Stefan Lindman is a police officer in Boros, Sweden. When his mentor and retired former partner Herbert Molin is brutally murdered in the remote town of Sveg, Lindman travels north to ... See full summary »
A cold day in January 2006. The police make a horrible discovery in the Swedish town of Hudiksvall: In one night, 18 people have been brutally murdered in the small town. The police suspect... See full summary »
Suzanne von Borsody,
Shortly after police discovers the murder of three friends, police inspector Wallander finds his friend and colleague Svedberg dead. At first believing that Svedberg killed himself, ... See full summary »
A light plane crashes outside of Mossby strand, and a detonated armour-piercing shell is found in the wreckage. Kurt Wallander is called in to investigate. A few days later, two elderly ... See full summary »
Daniel Lind Lagerlöf
Based on the book by Henning Mankell (Sweden), this story takes place in Mozambique and is about a young boy, Nelio, who loses his entire family during a time of civil war. A wounded Nelio ... See full summary »
In one of the last scenes there is a man talking in a mobile phone. That man is Tomas Eneroth he is one of the members in the Swedish Parliament, the Riksdag. See more »
When they're talking about Robin, the young computer hacker who has been in jail for hacking Pentagon, they're saying "him" a several times in the movie, however, Robin is a she, but in the book version (the original version of Fierwall/Brandvägg), "Robin" (book character's name is Robert) is described as a boy with short hair and glasses. See more »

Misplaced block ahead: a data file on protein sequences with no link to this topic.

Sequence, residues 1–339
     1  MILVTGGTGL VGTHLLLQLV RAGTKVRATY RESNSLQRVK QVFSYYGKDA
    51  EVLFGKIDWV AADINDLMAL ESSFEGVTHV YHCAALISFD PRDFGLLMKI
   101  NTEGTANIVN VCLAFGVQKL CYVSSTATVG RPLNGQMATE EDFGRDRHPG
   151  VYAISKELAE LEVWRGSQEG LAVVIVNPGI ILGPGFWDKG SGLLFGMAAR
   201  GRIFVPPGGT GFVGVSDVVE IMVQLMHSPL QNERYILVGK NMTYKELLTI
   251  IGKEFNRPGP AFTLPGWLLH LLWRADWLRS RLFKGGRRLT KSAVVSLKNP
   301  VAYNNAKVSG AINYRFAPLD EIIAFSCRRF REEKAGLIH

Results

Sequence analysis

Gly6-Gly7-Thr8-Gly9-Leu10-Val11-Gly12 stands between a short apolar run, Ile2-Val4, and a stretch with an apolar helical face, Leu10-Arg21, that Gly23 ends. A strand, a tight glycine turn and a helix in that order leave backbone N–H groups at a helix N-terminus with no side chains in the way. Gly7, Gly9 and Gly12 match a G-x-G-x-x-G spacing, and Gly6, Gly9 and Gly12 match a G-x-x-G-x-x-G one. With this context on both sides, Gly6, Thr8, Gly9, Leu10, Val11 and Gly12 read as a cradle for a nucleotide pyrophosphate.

Having read quite many of Henning Mankell's novels I was interested to see how well they transform to films. "Brandvägg" (which is 'firewall' in English) puts Kurt Wallander (the resident main character of Mankell's crime novels) in the trails of an international terrorism. What starts as a simple murder investigation soon escalates into bigger things, which I won't spoil here - part of the charm of the movie comes from discovering it yourself. The strong points of the movie are its characters - Rolf Lassgård draws a very human Kurt Wallander and the supporting cast is excellent. The plot is not the most original one (the fragility of technology-depended Western world has been pointed out in many movies before) but holds the viewer's interest to the end. My only gripe is the "happy ending" which seems unnecessary but I guess it is true to the book. In conclusion "Brandvägg" was a positive surprise and I am looking forward to see more Wallander novels on screen.
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